Iraq – 7 March 2018

Life after ISIS: Empowering women in Iraq

When ISIS took over the Iraqi towns of Mosul and Sinjar in 2014 many of the men and boys were murdered, and countless women and girls were captured. The women that survived were forced to flee, leaving behind their homes, livelihoods, and communities.

Having lost most, or all, of their male relatives to violent regime change, many women found themselves the sole providers for their remaining family members. Discriminated against and marginalised because of their gender, they faced a difficult future as refugees in their own country, living in temporary shelters, and with little or no income.

But three years on from the violence that tore apart their families, women and girls in the Khanke refugee camp in Duhok, Iraq, are rebuilding their lives. With support from SOS Children’s Villages vocational training courses, and their own will to succeed, they are learning new and marketable skills, and setting up their own businesses – an important step on the path towards financial independence.

The vocational training programme, launched by SOS Children’s Villages last September in conjunction with the Duhok Directorate of Youth, also teaches women and girls business development skills such as marketing strategies, market assessment skills and small business development.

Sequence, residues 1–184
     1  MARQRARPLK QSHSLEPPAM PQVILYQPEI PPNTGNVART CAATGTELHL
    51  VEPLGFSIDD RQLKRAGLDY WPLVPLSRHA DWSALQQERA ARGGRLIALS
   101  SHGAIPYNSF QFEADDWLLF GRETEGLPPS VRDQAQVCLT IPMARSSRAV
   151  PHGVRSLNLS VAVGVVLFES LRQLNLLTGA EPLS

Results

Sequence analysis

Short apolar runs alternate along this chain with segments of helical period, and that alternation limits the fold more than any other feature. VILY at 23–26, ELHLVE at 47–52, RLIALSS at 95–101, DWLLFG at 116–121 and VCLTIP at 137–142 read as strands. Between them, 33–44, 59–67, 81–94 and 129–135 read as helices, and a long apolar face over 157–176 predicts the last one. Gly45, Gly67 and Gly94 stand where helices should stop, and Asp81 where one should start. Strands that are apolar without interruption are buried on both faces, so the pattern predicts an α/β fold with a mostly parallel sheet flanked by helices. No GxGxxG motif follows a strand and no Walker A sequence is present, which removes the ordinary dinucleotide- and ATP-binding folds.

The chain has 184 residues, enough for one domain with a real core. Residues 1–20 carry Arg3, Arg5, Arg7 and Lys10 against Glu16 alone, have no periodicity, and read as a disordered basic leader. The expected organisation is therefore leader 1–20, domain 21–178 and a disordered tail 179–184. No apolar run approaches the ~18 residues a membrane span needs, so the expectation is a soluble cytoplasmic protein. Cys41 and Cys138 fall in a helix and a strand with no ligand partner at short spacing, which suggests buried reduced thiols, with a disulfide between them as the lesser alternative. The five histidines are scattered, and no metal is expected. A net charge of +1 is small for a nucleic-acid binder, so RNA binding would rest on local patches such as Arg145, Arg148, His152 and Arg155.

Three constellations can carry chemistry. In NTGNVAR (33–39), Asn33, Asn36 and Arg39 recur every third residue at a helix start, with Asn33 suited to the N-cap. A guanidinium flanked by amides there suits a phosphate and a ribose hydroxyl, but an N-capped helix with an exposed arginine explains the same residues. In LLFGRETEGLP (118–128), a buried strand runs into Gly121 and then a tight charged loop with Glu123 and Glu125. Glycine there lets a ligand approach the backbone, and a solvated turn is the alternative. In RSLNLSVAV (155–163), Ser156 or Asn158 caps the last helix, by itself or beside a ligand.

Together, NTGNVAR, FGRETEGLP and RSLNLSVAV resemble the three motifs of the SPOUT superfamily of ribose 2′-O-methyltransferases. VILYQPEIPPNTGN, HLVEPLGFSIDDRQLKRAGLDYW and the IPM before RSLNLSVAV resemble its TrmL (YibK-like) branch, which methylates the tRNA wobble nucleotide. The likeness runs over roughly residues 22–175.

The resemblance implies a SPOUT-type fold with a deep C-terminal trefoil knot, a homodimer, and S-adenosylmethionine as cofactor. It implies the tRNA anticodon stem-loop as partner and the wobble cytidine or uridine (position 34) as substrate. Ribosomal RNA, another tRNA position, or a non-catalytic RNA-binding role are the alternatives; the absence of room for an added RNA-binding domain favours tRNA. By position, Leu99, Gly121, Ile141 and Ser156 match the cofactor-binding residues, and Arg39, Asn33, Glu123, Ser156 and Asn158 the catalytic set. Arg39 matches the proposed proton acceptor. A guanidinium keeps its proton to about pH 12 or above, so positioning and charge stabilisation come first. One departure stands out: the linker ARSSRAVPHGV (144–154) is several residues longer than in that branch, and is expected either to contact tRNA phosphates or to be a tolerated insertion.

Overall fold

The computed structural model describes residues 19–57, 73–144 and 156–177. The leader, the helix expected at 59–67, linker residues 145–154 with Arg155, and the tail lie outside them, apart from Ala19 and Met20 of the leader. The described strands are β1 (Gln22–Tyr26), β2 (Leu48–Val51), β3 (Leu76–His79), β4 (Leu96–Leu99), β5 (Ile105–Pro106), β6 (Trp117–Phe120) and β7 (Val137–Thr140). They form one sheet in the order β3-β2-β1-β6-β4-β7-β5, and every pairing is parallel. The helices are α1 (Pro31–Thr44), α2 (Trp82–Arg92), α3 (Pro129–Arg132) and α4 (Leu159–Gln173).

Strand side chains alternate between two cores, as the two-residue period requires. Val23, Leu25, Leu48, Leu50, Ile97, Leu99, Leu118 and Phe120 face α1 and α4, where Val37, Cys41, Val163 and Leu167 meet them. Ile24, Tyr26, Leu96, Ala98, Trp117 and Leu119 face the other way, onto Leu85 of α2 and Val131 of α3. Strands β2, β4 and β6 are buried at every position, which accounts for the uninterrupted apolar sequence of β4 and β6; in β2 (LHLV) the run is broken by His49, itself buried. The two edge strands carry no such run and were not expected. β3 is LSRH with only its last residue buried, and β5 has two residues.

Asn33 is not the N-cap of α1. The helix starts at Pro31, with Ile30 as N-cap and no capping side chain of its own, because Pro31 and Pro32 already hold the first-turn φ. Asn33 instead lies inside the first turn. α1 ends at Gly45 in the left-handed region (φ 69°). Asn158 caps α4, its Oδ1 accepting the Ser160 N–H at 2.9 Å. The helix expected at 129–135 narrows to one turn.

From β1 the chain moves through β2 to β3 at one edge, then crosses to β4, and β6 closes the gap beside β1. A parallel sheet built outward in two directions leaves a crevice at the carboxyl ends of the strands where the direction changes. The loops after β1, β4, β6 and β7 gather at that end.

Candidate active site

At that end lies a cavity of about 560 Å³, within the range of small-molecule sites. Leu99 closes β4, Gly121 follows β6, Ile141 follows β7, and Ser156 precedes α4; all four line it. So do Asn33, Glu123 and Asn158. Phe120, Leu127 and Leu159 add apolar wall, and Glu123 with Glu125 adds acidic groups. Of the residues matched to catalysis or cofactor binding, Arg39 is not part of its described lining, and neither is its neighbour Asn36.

“The project has had a big effect on all of us, not just practically but emotionally too. It meant we were able to get away from the camps for a time and forget about all the hardships and challenges we faced.”

Shirin Berdo, an Iraqi refugee at the Khanke camp
 
 
Once their training is complete, graduates can exhibit their merchandise at the Duhok Shopping Mall, building valuable business contacts within the community. They are also supplied with all the tools and equipment they will need to get their businesses off the ground.

But the programme is doing more than just providing women with the training and tools they need to set up their own businesses. Most importantly, it is empowering women and girls to reclaim their independence, their confidence, and their self-respect.
 

“The training had a big economic impact on all of us. The exhibition helped merchandise our products and motivated us to learn how to develop our handicraft business in the future.”

Katreen, an Iraqi refugee at the Khanke camp